Where big ideas and a small town collide.
Issue No. 4 - Winter 2015
February 05, 2015 01:49 PM PST
FROM THE EDITOR
ARCHITECTURE Brutalism apologist Max Page makes the case for ugly buildings.
SEX Local sex therapist Margery Noel answers the questions you’ve been carrying around for way, way too long.
HORROR Seng Ty survived the Khmer Rouge. Then he arrived in Amherst.
AND YOU THOUGHT CSAS COULD SAVE US Pete McLean explains what comes next in the food revolution.
HOW TO WEAR PINK WHEN YOU’RE SHORT Kathy Aidala is a female in physics. Which is bad enough. She’s also 5’ tall—which might actually be worse.
THE ANNUAL AMHERST LIVE POETRY PRIZE
October 23, 2014 06:56 AM PDT
FROM THE EDITOR
Aeronautics Please don’t bomb us! Sgt. Andrew Briscoe, of Westover Air Force Base, demystifies that noisy breadloaf of the skies, the C5.
Education Barbara Madeloni, newly elected president of the MA Teachers Association and Big Ed’s worst nightmare, redraws the battle lines in the fight for public education.
Musical Interlude Local music prodigies The Radio On Mute.
Over the Notch Lisa Amato quit her job. Because sometimes fighting oppression and inequity is just too hard.
Amherst Live is the new live magazine show bringing you news and insight, ideas and inspiration, from the heart of one small town. Produced by professionals, performed by rank amateurs, each quarterly show collects the best in local politics, poetry, nature, and music—together with two terse but edgy talks that will change the way you view the town you thought you knew.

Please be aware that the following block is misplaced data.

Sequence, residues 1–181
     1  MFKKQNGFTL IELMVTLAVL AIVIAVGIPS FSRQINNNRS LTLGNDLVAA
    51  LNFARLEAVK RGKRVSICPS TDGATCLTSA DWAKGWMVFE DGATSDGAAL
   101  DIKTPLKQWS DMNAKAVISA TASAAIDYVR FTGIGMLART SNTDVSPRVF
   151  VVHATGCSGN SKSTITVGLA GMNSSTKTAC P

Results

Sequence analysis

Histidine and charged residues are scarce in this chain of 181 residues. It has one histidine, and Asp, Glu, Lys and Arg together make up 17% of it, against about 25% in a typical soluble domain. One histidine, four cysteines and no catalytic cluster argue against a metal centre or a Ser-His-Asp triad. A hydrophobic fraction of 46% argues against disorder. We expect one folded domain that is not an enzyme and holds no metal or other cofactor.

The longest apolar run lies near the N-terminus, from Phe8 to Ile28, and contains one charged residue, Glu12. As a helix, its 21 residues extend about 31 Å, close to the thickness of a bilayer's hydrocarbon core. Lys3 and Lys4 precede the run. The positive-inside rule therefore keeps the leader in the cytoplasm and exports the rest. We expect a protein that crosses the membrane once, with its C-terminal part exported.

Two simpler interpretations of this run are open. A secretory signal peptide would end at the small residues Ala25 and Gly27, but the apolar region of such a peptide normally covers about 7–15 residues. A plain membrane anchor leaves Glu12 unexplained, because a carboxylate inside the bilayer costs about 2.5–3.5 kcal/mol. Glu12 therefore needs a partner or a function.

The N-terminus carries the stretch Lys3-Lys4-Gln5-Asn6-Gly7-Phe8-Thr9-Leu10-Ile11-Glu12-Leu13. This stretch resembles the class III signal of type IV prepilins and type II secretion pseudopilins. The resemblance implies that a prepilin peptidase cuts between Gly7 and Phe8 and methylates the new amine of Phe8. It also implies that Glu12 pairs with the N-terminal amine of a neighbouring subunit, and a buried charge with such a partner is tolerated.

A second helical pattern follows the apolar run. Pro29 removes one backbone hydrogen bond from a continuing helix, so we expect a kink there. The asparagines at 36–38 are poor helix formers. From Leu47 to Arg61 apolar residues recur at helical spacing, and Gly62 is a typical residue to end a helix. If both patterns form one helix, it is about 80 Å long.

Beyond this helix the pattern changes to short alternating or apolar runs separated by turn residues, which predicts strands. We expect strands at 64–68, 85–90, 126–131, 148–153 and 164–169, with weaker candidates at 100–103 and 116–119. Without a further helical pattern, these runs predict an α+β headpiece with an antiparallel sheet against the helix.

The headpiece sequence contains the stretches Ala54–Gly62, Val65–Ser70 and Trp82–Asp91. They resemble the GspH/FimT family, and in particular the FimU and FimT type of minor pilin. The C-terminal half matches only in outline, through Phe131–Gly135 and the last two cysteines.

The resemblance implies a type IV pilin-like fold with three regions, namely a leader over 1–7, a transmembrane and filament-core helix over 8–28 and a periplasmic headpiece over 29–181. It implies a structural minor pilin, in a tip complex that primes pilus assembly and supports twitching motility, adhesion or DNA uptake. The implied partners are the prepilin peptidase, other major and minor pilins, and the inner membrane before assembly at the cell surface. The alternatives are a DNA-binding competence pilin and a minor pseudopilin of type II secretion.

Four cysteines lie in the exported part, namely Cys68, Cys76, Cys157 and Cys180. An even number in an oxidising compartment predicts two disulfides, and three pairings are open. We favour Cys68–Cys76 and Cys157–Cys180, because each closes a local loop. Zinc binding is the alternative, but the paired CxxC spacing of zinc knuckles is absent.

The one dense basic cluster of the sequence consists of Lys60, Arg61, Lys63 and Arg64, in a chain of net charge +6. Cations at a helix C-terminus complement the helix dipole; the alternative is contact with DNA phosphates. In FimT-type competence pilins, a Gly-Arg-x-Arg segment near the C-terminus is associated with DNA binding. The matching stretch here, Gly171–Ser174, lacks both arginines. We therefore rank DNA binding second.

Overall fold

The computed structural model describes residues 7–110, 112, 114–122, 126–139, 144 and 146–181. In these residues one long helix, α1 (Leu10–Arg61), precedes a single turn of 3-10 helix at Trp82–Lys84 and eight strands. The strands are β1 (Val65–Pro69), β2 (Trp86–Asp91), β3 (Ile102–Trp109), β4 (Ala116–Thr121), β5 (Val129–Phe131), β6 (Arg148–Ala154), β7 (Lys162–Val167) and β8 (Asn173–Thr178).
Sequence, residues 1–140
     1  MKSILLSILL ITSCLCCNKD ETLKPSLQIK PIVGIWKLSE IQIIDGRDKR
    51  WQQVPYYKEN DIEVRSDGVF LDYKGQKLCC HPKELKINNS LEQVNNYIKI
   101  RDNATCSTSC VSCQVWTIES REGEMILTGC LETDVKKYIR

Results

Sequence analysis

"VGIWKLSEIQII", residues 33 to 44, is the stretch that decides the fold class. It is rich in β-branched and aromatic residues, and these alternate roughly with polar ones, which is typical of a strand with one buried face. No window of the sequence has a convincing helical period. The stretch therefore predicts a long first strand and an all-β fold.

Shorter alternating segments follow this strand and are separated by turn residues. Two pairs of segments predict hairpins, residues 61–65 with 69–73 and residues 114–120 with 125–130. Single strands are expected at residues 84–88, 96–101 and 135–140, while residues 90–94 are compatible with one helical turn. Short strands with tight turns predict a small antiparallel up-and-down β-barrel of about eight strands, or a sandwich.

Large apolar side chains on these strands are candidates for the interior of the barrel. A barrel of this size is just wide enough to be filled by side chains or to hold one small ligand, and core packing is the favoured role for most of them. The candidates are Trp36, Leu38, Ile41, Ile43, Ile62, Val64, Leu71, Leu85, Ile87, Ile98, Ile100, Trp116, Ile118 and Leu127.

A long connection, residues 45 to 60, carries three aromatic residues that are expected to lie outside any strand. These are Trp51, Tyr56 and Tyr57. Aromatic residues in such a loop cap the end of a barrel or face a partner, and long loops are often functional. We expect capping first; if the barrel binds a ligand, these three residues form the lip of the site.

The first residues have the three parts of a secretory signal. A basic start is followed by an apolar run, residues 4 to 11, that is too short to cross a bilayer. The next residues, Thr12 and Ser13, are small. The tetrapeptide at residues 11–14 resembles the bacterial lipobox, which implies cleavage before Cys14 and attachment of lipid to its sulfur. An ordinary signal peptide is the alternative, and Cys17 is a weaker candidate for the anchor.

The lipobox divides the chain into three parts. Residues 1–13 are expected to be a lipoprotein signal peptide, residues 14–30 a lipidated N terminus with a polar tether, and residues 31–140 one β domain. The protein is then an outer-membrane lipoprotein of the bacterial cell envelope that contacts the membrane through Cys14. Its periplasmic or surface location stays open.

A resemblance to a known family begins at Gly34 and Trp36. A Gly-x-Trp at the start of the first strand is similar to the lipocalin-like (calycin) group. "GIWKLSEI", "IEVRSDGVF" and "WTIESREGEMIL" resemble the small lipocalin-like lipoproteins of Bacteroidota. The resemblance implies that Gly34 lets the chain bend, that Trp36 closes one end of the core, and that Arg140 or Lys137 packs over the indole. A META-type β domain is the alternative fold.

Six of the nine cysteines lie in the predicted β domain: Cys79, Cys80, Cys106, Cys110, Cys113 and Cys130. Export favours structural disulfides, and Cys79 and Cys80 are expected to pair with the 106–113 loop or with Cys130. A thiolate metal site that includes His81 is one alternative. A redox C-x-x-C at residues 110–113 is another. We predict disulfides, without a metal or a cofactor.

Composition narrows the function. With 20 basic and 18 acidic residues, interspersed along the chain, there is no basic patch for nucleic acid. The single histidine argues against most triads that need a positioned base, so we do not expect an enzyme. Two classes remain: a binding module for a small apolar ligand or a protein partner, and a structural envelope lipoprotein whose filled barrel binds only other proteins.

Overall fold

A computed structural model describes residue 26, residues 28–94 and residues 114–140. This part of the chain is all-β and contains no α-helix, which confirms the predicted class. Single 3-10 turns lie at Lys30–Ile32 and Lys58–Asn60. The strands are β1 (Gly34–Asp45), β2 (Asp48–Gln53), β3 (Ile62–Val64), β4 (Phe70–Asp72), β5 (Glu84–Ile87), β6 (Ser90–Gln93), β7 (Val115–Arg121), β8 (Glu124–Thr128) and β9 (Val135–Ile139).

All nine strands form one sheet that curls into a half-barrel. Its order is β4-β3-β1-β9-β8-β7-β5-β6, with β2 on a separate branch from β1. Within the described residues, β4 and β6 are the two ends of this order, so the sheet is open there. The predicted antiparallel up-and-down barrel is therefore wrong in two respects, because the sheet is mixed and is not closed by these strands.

This show was inspired by the people who live here: an extraordinary amalgam of poets and writers, farmers and ag people, students and retirees, professors and basement techies, and diverse ethinic communities.
Ultimately, the richness that one finds here is simply too great to leave untapped. By pairing members of our community with a team of media professionals, our hope is to help make the town of Amherst newly available to itself, and enable every one of us to benefit from our collective experience.
We see this as a kind of municipal service: a sensible, pragmatic way to make the most of living here. Which is why we aspire to offer Amherst Live on a quarterly basis, so that your own town will forever be revealing itself to you, and so you will always have a place where you can go to meet your neighbors, and kick around some cool ideas.
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